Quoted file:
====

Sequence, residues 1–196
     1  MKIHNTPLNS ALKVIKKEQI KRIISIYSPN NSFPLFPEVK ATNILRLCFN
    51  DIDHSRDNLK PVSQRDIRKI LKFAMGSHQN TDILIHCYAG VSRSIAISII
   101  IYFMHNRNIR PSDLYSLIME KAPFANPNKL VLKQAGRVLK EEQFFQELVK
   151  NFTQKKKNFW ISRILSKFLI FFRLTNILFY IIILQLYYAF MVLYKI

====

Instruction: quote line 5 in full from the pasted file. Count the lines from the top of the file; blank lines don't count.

   151  NFTQKKKNFW ISRILSKFLI FFRLTNILFY IIILQLYYAF MVLYKI